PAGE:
Labour, which has governed for 13 years, is also seeking to highlight Clegg’s less popular policies, though pollsters suggest Brown will benefit more than the Conservatives from the growth in Liberal Democrat support because of the way electoral districts are distributed across Britain.
Brown, 59, has begun to attack Liberal Democrat plans not to replace the submarine-based Trident nuclear-weapons system and for an amnesty for illegal immigrants who have been in the U.K. for 10 years.
Chancellor of the Exchequer Alistair Darling said in an interview yesterday that some Liberal Democrat budget policies are “pretty flaky.”
In an interview with today’s Independent newspaper, though, Brown said he wanted to see a “progressive alliance” of Labour and Liberal Democrat supporters to keep the Conservatives out of power.
In Oxford East, the Liberal Democrats are trying to overturn a 1,000-vote Labour majority in a district of around 70,000. Clegg may benefit from a none-of-the-above vote against two parties that have dominated British politics for 90 years.
‘Exactly the Same’
He has sought to lump Brown and Cameron together, casting himself as an agent of change. “The more they attack each other, the more they sound exactly the same,” Clegg, 43, said of them in the debate last week. “We can do something different this time.”
Clegg attacked Brown’s overtures at a news conference in London this morning. “There is something frankly desperate about a Labour Party and their leader Gordon Brown who now tries to present themselves as agents of reform and progress, when for 13 years they have been a stubborn block to reform and progress,” he said.
“People can call people what they like,” Brown told reporters in Cardiff, Wales. “I would prefer to talk about the policies, the substance and that is what I believe it all comes down to.”
Chris Underhay, 26, an unemployed would-be screenwriter in Oxford, said he plans to vote for the Liberal Democrats, even though he says he doesn’t know much about their policies.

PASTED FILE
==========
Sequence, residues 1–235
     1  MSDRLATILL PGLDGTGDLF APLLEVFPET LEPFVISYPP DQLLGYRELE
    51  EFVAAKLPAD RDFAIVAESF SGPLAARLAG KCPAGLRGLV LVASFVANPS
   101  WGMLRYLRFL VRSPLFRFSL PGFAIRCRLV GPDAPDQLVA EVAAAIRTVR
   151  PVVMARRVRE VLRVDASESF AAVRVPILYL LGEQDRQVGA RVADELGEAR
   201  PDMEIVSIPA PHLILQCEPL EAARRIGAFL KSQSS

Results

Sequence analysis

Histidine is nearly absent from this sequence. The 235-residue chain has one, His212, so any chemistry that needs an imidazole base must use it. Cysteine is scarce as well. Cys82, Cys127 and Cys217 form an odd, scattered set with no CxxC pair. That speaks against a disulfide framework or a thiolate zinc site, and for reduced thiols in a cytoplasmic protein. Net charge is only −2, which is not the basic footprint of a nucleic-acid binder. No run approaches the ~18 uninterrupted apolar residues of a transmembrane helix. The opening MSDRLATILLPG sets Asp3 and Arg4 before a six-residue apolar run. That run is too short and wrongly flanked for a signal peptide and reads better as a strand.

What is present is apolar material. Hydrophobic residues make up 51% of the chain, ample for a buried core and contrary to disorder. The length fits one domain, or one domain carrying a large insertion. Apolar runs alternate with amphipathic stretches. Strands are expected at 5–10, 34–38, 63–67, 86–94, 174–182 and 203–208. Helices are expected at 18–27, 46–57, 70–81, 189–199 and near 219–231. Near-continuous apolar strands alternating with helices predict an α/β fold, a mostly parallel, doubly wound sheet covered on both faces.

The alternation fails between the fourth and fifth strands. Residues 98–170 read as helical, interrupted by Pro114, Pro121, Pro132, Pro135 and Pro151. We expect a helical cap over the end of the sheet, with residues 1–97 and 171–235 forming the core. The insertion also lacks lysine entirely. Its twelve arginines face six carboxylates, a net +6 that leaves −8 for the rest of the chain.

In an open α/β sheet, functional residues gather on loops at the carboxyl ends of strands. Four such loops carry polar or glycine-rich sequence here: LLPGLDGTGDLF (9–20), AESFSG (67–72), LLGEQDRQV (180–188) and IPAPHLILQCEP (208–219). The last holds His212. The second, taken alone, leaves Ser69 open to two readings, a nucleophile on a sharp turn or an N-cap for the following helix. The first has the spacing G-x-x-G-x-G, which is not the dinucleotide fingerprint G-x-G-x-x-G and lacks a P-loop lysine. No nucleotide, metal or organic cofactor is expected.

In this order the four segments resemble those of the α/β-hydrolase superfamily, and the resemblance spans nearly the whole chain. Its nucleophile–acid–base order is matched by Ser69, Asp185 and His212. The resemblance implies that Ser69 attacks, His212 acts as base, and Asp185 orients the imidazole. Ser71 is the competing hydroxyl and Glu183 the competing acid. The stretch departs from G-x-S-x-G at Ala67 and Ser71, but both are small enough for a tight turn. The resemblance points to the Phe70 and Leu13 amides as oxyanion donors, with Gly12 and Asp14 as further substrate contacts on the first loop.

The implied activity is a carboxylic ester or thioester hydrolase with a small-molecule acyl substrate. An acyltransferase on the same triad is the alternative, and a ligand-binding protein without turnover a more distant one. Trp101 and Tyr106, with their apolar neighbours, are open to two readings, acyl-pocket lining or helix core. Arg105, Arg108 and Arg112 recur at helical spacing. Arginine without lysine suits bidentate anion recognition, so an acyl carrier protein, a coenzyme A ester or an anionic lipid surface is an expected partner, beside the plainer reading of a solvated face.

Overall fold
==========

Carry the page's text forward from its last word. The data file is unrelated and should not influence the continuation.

“I pretty much decided after Thursday’s debate,” he said. “I don’t know their policies very specifically. I just like the idea that they’re for open politics. I haven’t had a look at their manifesto, but I heard it’s got actual numbers at the back of it. I like that.”
The 108-page Liberal Democrat program contains four pages detailing a tax overhaul and plans to cut the deficit. Neither the Conservative nor Labour manifesto contains such tables.
The Liberal Democrats’ main tax pledges are supported by 81 percent of people who say they would vote for the party. They would raise the annual threshold for paying income tax to 10,000 pounds, a step the party says would cost the Treasury 16.8 billion pounds in 2011-12.
Clegg would pay for the measure by cracking down on tax evasion, cutting pension-tax breaks for the wealthy and imposing a 10 percent levy on bank profits. With other tax increases, including a tax on homes valued at more than 2 million pounds, the party says it would raise 19.2 billion pounds.
Clegg, who was greeted by 17 television cameras at a press briefing in London yesterday, joked that he was pleased at the scrutiny he and his party are now under.
“I’m absolutely delighted that people are taking such a forensic interest in our policies,” Clegg said, before acknowledging that he was aware his party’s popularity could be short-lived. “Bubbles burst and I’m acutely aware that we’re in a very fluid stage in this election campaign.”